Ireland v Pakistan: Hosts impress in inaugural Test
|Only Test, Malahide, Dublin (day two of five)|
|Pakistan 268-6 (76 overs): Shafiq 62, Faheem 61*, Shadad 52*|
|Ireland: Yet to bat|
Ireland restricted Pakistan to 268-6 as they made an encouraging start to life in Test cricket at Malahide.
The sun shone after the day-one washout and Boyd Rankin took Ireland's first Test wicket before Tim Murtagh struck to leave Pakistan 13-2.
The tourists recovered but Asad Shafiq (62) was one of four wickets to fall after lunch to leave Pakistan 159-6.
Shadab Khan (52) and Faheem Ashraf (61) put on an unbroken 109-run partnership before bad light ended play.
- Day one of inaugural Test rained off
- Raining on Ireland's Test parade
- Ireland's route to Test match status
Pakistan, sent into bat by Ireland captain William Porterfield, lost two wickets in successive balls on a pitch offering some sideways movement.
Rankin, the 15th man ever, and the first since Kepler Wessels (Australia and South Africa) 25 years ago, to play Test cricket for two nations after making a lone appearance for England in 2014, had an uncertain Azhar Ali (four) edging to Porterfield at second slip.
Barely had the crowd's cheers subsided when Pakistan were 13-2 off the very next ball with Imam ul-Haq, who was injured in a collision in the game's first ball, lbw for seven to a Murtagh delivery that came back into him.
After a few near run-outs, Pakistan's third-wicket duo settled in - Shafiq square-cut Kane for four, with left-hander Haris Sohail glancing Stuart Thompson for a legside boundary.
Pakistan, 67-2 at lunch, lost their third wicket soon afterwards when Haris (31) was caught in the gully by Porterfield off Thompson.
Babar Azam (14), pushing hard at a Murtagh delivery that left him off the pitch, was well-held by Paul Stirling at second slip.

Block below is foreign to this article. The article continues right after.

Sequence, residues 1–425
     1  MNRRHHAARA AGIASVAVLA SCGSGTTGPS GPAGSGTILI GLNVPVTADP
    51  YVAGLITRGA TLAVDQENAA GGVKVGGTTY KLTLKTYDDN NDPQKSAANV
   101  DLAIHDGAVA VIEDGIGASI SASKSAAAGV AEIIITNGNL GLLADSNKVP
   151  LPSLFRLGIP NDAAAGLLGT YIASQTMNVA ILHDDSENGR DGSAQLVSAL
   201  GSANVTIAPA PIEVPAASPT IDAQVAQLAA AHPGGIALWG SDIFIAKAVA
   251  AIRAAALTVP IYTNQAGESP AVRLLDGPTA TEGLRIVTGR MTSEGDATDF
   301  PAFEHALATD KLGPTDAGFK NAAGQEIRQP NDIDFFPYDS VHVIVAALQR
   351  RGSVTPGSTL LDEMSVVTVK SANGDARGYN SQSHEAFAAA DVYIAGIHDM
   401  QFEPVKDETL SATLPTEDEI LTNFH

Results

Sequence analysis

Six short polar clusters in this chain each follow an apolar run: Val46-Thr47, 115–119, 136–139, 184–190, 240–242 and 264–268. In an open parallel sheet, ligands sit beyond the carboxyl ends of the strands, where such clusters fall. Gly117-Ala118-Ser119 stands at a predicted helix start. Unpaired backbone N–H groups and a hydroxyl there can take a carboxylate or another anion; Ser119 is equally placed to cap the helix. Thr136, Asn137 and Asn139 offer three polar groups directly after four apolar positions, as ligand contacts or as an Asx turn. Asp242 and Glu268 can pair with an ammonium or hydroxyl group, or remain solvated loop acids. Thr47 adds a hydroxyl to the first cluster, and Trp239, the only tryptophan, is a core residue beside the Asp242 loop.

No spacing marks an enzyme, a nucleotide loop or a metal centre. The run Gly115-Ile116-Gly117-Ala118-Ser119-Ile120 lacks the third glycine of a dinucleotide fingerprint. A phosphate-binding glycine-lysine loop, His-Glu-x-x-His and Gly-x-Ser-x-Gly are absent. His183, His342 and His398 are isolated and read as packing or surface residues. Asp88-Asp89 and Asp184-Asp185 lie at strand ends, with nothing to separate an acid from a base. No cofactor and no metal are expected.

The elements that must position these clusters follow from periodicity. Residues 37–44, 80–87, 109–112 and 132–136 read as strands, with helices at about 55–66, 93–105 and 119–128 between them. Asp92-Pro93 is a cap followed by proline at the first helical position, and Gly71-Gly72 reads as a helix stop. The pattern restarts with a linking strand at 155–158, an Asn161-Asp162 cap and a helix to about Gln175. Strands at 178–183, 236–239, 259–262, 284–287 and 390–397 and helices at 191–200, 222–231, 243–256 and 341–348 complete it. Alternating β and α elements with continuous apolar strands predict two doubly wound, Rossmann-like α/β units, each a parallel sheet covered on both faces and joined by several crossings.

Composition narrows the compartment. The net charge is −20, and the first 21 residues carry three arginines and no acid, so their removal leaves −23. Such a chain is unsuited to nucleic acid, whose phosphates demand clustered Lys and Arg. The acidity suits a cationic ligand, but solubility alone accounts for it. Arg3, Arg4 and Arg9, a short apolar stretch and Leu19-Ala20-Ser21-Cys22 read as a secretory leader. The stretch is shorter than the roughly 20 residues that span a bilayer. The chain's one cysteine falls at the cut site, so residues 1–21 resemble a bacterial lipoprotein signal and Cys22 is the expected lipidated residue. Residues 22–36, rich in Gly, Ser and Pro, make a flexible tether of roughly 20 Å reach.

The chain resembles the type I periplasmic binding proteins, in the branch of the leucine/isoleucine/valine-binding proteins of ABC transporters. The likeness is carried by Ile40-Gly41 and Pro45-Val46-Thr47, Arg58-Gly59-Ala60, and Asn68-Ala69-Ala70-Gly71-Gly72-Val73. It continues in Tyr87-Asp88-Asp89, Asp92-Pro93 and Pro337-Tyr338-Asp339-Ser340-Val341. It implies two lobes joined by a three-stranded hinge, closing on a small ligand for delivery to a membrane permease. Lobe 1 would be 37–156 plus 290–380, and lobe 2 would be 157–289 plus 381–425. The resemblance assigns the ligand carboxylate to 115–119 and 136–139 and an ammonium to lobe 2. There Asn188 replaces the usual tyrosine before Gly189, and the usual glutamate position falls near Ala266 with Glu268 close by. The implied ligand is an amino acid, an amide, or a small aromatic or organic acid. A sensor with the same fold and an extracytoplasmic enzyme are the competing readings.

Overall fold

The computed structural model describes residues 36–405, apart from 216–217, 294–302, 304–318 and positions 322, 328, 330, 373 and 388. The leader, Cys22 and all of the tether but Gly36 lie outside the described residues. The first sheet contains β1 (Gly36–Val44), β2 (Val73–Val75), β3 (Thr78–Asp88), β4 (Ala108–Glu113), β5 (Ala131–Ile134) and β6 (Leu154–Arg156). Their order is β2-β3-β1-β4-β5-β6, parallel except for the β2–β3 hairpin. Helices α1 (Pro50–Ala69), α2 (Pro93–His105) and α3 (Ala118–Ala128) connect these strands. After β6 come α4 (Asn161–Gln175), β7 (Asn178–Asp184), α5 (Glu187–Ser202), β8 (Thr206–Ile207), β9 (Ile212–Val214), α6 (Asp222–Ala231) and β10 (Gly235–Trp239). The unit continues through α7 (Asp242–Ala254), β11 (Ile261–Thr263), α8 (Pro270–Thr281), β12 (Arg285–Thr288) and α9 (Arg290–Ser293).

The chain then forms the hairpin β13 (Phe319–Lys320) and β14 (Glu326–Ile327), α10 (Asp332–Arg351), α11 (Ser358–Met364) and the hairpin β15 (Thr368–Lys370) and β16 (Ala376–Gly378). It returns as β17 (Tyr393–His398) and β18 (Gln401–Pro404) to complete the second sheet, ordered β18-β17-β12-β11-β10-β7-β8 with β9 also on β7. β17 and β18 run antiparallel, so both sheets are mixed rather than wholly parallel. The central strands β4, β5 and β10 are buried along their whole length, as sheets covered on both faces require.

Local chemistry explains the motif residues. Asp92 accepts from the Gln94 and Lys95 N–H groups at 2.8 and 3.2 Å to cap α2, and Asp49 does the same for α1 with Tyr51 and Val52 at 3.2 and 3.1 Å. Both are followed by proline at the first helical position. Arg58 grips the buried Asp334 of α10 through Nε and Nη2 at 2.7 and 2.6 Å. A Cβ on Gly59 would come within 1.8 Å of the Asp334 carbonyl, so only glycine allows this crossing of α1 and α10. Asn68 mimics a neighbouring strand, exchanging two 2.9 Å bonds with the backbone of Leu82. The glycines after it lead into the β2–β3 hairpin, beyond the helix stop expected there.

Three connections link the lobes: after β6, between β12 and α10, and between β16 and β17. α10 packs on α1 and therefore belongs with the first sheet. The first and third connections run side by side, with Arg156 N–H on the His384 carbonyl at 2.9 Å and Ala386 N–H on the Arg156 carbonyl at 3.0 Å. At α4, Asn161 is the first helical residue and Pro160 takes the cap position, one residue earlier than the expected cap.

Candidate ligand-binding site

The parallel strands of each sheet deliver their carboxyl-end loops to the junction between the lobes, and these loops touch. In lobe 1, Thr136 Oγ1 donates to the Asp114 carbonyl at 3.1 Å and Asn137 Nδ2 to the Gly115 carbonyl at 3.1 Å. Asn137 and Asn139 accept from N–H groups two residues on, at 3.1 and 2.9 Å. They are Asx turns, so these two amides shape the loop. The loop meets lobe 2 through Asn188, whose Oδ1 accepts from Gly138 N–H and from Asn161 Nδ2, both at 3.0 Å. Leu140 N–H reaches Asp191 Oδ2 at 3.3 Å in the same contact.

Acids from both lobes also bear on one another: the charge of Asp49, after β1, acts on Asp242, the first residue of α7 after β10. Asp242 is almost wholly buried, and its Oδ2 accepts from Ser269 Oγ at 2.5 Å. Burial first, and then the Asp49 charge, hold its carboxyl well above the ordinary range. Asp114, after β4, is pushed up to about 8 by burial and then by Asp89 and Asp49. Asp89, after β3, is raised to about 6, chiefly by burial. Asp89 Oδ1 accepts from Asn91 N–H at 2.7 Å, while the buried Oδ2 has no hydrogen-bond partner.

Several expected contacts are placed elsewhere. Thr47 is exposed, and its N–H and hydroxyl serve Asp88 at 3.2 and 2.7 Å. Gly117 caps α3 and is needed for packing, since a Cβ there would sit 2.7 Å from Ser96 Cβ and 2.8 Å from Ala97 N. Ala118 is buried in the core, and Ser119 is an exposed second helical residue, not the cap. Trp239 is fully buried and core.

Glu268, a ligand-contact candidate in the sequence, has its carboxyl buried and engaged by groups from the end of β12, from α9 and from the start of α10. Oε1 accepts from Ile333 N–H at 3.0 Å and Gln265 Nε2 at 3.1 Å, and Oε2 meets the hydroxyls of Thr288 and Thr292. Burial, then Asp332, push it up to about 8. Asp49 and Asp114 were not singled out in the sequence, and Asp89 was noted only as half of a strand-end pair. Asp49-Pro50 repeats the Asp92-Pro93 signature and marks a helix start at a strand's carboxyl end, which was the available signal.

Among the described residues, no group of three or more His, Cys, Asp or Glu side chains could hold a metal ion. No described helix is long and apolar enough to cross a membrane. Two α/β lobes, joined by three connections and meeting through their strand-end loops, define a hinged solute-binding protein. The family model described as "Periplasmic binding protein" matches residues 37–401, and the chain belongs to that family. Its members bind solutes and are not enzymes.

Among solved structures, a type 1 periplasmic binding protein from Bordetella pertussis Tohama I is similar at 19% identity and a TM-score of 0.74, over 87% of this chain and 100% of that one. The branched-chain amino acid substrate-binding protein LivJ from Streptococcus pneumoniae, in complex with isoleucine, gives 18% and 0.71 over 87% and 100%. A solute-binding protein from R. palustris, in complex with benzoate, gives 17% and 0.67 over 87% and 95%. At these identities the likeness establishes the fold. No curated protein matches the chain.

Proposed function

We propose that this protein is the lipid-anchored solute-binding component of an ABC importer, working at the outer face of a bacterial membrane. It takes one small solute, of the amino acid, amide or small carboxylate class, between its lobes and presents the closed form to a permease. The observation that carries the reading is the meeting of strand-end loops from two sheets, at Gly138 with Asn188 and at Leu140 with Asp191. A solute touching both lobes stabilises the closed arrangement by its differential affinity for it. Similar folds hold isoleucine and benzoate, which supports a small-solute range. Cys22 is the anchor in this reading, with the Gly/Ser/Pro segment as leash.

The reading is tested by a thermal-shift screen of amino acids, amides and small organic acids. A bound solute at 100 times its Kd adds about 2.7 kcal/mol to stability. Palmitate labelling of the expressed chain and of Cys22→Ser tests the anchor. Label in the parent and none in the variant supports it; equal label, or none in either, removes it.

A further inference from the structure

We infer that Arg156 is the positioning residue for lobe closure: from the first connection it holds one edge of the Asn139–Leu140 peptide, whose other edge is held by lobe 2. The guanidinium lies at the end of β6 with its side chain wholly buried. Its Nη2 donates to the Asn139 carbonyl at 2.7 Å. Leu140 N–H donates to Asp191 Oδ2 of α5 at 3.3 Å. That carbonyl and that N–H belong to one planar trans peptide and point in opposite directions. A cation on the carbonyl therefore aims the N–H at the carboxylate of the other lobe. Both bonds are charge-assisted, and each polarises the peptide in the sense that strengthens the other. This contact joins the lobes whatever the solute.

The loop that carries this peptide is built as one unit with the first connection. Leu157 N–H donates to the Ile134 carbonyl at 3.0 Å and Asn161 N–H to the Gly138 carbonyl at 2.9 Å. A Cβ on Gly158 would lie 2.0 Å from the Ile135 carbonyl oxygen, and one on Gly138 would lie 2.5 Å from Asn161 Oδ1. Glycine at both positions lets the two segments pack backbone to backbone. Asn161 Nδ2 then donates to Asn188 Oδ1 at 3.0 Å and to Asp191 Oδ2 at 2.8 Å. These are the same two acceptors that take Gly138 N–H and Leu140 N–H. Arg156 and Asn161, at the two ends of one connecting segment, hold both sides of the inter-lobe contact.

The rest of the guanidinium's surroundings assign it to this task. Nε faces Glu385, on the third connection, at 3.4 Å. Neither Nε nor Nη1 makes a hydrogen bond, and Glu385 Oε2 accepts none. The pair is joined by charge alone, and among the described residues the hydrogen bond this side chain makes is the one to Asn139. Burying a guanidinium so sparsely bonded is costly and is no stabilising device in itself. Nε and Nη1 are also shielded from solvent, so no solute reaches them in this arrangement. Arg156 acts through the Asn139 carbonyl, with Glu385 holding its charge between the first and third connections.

Shafiq went on to complete a 107-ball fifty when he pulled Rankin for a single.
But with the towering Rankin, bowling from around the wicket, a similar shot proved Shafiq's undoing when he found Andrew Balbirnie at square leg.
And when Pakistan captain Sarfraz Ahmed (20) was caught by Stirling in the slips off Thompson, the tourists were struggling at 159-6.
But Shadab and Faheem turned the tide in style with maiden Test fifties at the County Dublin venue.
Faheem, however, did have a break when, on 36, he edged Rankin only for a diving Niall O'Brien to miss the catch and give the obscured Gary Wilson at first slip no chance of taking the ball.
Duly reprieved, he went to fifty in just 52 balls, including seven fours, with Shadab following him to the landmark in 89 balls.
When Stirling came on, a well-set Faheem launched the part-time spinner over long-on for six.
Bad light saw the players leave the field late in the afternoon and after a thunderclap and a heavy downpour 20 minutes later, play was abandoned for the day.
Murtagh admitted it was a frustrating end to day two but is hopeful the arrival of a new ball early on Sunday morning will reap rewards.
"It is a bit of a disappointment as we got the ball swinging for the majority of the day," the 36-year-old said.
"It is shame that the partnership at the end has taken it a little bit away from us.
"It's probably a lack of cricket for the whole squad, a bit of tiredness in the legs towards the end there perhaps has taken its toll a little bit, but we are up to the new ball pretty much straight away in the morning."
Irish Test caps were presented to the team prior to play finally getting under way,
"It was really special - it's the sort of thing that I hadn't thought much about before but all the families were there in the background.," added Murtagh
"I think a couple of boys did get a bit emotional - a sort of spine-tingling moment."